Expolration of compressed natural gas as an automotive fuel in Nigeria
thesisposted on 19.09.2016 by Olufemi O. Ogunlowo
In order to distinguish essays and pre-prints from academic theses, we have a separate category. These are often much longer text based documents than a paper.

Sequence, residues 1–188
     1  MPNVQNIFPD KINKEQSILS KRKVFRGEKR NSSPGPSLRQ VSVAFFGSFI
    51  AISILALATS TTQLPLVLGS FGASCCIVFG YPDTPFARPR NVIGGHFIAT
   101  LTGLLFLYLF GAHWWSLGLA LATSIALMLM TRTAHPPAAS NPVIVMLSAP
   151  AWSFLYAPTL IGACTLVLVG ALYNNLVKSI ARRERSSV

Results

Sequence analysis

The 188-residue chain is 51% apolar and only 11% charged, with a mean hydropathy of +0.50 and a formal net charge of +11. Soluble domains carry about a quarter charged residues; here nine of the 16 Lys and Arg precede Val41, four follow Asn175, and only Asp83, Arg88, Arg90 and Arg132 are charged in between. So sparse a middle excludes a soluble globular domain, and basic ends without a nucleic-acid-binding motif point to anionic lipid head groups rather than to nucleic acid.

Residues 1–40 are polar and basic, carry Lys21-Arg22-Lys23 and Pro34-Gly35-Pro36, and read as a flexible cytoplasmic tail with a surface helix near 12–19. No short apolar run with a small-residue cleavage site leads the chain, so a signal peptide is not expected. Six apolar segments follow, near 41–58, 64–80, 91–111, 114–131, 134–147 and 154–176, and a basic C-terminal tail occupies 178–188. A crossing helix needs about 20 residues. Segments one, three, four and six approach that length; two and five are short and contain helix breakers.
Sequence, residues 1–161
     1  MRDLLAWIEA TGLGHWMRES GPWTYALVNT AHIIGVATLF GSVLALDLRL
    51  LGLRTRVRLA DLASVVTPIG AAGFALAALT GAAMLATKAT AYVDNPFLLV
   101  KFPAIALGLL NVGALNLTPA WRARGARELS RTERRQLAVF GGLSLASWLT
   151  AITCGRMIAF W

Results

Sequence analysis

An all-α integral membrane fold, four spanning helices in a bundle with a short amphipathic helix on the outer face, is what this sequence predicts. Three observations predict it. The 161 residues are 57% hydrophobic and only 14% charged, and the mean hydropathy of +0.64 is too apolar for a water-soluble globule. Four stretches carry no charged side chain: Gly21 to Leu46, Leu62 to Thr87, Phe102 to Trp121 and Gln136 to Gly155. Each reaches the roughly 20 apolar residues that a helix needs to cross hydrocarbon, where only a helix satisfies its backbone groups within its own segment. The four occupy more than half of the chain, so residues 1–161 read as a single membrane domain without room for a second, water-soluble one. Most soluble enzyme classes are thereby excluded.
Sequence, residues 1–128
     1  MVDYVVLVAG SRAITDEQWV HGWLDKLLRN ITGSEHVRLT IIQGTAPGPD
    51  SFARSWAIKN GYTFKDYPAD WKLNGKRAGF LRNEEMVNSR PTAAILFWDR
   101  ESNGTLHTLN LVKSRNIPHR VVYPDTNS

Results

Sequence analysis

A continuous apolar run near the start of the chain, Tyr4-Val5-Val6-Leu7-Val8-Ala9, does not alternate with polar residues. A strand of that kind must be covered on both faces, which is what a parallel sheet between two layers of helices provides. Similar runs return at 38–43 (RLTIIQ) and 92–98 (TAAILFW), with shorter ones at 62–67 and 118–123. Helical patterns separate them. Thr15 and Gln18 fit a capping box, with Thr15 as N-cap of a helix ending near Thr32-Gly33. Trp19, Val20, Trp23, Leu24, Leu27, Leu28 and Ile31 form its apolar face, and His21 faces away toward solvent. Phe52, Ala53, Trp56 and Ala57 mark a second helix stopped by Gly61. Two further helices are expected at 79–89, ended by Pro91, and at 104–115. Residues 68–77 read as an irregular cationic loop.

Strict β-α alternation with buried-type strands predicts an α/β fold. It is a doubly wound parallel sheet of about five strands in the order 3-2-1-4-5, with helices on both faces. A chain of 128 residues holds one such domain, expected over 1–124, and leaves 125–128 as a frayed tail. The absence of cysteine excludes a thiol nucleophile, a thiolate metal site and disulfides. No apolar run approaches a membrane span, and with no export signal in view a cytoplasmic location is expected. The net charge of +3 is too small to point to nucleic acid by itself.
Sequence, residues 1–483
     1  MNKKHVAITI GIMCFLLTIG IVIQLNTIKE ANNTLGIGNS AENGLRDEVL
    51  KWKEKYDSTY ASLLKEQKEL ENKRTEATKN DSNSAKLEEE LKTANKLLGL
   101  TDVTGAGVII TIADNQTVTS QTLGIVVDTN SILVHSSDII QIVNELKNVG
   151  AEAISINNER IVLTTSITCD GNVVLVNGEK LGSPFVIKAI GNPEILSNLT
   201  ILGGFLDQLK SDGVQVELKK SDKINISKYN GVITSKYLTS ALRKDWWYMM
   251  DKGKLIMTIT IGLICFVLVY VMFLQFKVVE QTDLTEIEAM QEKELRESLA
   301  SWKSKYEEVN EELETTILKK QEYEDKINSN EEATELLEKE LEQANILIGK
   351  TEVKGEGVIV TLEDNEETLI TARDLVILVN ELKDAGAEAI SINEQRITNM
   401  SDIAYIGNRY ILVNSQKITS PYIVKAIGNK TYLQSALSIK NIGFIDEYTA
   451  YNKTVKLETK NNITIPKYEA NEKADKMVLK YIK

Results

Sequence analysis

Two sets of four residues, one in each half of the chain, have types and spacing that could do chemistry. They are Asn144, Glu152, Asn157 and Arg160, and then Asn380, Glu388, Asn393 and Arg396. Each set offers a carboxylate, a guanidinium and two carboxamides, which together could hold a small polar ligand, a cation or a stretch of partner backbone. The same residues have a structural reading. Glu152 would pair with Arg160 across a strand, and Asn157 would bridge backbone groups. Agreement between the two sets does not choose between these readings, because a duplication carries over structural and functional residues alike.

Flaring of associated gas, found during petroleum exploration and production in Nigeria, results in substantial environmental degradation, which endangers sustainable development and exposes the population to health hazards. In addition, it results in significant economic losses, especially from the opportunity cost of the disposed natural gas (NG). As part of the many initiatives to abate flaring and harness NG resources, the Nigerian government proposed the use of compressed natural gas (CNG) as an automotive fuel in 1997, but progress has been slow. This study investigates the barriers to use of CNG as an automotive fuel in Nigeria and how these can be overcome. It identified, validated, prioritized and built consensus on 29 barriers and 25 policy recommendations, using a combination of case study of selected countries, semi-structured interviews and a Delphi survey among participants who are key stakeholders in the energy and transportation sectors. Major hindrances identified include the absence of market coordination; lack of transparency and accountability; inexperience of the population with gas usage; lack of public awareness on the benefits of NG; artificial distortion of the economic benefits of CNG due to the subsidy on gasoline; focus on export market development to the detriment of the domestic market; absence of regulatory standards; poor infrastructure; and an old and dilapidated national vehicle fleet. There was no convergence on the impact of insecurity of human and material resources caused by militancy and pipeline vandalism in the oil producing areas, despite widespread views of the negative effect on the oil and gas industry generally. Based on the consensus built among study participants, the study recommends 12 policy interventions, which might stimulate growth in the use of CNG as automotive fuel; these comprise specific energy market reforms, fiscal and operational incentives, transportation sector reforms and the creation/building of public awareness.
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